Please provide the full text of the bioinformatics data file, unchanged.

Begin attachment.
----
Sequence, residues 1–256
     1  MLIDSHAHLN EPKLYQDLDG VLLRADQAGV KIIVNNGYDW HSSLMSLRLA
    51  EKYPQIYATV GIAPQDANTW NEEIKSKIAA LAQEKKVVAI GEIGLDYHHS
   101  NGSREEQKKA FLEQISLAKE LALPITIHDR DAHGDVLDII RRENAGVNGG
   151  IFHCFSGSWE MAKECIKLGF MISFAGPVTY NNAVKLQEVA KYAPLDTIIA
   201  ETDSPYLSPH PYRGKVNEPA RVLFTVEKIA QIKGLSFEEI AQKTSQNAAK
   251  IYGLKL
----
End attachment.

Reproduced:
Sequence, residues 1–256
     1  MLIDSHAHLN EPKLYQDLDG VLLRADQAGV KIIVNNGYDW HSSLMSLRLA
    51  EKYPQIYATV GIAPQDANTW NEEIKSKIAA LAQEKKVVAI GEIGLDYHHS
   101  NGSREEQKKA FLEQISLAKE LALPITIHDR DAHGDVLDII RRENAGVNGG
   151  IFHCFSGSWE MAKECIKLGF MISFAGPVTY NNAVKLQEVA KYAPLDTIIA
   201  ETDSPYLSPH PYRGKVNEPA RVLFTVEKIA QIKGLSFEEI AQKTSQNAAK
   251  IYGLKL